Boston Loves "Big Al" Again: The Miraculous Resurrection of Al Horford

Daniel Theis is finally allowed to play a few minutes again, wins game one of the NBA finals with the Boston Celtics against the Golden State Warriors and has come closer to his dream title.

Boston Loves "Big Al" Again: The Miraculous Resurrection of Al Horford

Daniel Theis is finally allowed to play a few minutes again, wins game one of the NBA finals with the Boston Celtics against the Golden State Warriors and has come closer to his dream title. The match winner, however, was actually already written off.

Stephen Curry and Klay Thompson slipped blankly out of their home Chase Center. The two artistic marksmen of the Golden State Warriors were served after an almost written-off oldie shot out their lights at the start of the NBA Finals: Thanks to the miraculous resurrection of Al Horford, the Boston Celtics are a big piece of their first NBA title in 14 years got closer.

"Somehow the guys always found me. And I just threw things in," said national player Daniel Theis' team-mate after the 120:108 in San Francisco. "Big Al" turned six out of eight three-pointer attempts - the 36-year-old, 2.08-meter-tall center stole the throwing show from the Warriors' delicate "Splash Brothers".

"In the end, the Celtics scored almost everything. It's difficult to counteract such a momentum," said Curry, whose 34 points and seven converted threes went down in the Celtics' hail of balls: the record champions won the final quarter 40:18, finding nine of them beyond the 7.24 meter line the goal.

"We had confidence," said Horford, who scored 26 points, "and we kept pushing." He has never made more threes than in game one, has never been more important than now. Much to the chagrin of Celtics returnee Theis, whose playing time is also very limited because of Horford's gala form - he scored three points against the Warriors in six minutes.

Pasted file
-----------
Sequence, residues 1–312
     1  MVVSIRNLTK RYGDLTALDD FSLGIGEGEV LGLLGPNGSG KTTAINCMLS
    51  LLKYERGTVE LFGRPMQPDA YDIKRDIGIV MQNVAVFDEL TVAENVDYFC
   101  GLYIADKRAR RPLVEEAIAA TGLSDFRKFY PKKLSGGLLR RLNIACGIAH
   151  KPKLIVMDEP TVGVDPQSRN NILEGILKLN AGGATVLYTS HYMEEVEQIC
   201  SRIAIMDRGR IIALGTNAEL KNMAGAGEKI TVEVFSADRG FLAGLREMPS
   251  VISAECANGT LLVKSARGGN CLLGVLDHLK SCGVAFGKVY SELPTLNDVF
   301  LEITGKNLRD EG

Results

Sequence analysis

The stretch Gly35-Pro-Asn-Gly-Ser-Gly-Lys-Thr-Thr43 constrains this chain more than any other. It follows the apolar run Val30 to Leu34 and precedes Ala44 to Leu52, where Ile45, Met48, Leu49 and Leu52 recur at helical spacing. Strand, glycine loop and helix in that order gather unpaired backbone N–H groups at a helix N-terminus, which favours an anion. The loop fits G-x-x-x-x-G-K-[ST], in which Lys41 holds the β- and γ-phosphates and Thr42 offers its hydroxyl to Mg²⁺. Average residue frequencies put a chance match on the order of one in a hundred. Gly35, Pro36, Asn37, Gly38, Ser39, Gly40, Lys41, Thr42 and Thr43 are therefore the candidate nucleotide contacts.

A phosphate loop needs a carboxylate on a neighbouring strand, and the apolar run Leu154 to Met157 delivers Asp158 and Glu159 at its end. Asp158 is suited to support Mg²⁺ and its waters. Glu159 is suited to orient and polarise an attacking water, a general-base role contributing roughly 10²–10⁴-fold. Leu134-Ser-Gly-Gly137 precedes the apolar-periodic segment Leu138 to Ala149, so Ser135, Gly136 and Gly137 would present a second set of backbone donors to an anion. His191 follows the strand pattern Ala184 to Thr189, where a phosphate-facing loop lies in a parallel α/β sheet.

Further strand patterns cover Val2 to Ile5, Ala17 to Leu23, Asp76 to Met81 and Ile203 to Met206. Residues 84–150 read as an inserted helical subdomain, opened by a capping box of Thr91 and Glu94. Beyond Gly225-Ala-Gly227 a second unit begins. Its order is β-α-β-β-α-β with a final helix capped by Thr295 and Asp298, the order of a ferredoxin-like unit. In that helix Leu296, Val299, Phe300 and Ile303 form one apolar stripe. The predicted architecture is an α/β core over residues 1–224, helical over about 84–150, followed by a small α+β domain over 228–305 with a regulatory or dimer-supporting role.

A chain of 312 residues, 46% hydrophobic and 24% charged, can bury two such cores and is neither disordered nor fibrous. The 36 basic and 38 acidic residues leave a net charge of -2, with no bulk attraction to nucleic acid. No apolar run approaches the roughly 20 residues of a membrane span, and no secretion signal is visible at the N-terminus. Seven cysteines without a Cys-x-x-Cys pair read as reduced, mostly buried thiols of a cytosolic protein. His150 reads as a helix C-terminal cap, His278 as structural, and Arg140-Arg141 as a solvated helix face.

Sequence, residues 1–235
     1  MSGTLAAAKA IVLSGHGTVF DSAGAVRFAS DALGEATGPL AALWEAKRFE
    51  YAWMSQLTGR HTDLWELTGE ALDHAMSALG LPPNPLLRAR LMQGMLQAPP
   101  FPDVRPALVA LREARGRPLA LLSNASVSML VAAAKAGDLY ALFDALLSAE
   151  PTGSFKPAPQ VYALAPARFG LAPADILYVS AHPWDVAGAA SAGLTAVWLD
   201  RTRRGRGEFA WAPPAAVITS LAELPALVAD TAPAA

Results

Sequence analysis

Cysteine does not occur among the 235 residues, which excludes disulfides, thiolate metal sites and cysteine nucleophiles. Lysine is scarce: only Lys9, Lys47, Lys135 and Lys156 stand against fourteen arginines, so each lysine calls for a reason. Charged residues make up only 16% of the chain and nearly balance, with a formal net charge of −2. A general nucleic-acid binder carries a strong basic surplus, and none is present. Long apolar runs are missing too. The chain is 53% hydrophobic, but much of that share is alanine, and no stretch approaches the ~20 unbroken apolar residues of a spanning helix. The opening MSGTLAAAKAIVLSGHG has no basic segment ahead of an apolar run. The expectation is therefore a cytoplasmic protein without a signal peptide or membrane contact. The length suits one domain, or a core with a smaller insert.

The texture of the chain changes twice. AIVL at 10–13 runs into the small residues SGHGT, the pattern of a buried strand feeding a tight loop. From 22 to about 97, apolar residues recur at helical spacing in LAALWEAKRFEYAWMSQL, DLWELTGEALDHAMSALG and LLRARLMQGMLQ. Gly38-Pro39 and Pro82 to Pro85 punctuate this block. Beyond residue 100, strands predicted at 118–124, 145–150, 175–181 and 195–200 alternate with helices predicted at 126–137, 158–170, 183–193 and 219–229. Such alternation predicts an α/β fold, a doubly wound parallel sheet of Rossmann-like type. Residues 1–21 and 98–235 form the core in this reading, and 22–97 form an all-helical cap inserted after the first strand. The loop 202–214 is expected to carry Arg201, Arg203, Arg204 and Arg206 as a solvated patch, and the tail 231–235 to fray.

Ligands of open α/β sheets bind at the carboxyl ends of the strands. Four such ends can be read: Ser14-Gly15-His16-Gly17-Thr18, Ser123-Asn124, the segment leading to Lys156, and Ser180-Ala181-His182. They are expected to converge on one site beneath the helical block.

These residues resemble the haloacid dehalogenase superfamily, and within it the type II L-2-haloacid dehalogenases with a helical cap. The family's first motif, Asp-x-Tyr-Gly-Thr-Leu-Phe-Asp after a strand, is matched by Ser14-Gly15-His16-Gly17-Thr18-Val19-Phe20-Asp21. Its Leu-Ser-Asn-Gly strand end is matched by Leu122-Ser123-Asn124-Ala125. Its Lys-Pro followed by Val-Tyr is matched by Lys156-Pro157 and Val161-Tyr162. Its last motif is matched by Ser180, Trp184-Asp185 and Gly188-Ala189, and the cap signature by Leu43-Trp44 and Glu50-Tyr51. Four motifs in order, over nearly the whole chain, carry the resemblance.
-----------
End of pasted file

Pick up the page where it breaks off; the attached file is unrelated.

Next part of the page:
If the Celtics’ 18th title jumps out of it, Theis could cope with short-time work. And for Horford, who would be the first player from the Dominican Republic to become champion (father Tito had played in the NBA for three years), the happy ending of a career that had already come to a standstill. "I was really written off," he says himself.

After his first Celtics engagement, Horford followed the call of money to Philadelphia in 2019. After a weak year, Oklahoma City took over the remnants of Horford's Monster contract (four years, $109 million) for tactical reasons, and quickly sorted him out. "Horford ages like milk," etched cbssports.com.

Horford's rescue: The Celtics wanted to get rid of the even more disappointing, even more expensive Kemba Walker - "Big Al" landed cleaned up again in Boston, worked his way back to the top performer and is in the 15th NBA year in the finals for the first time. "Nobody," said Celtics star Jaylen Brown, "deserves this like Al does."

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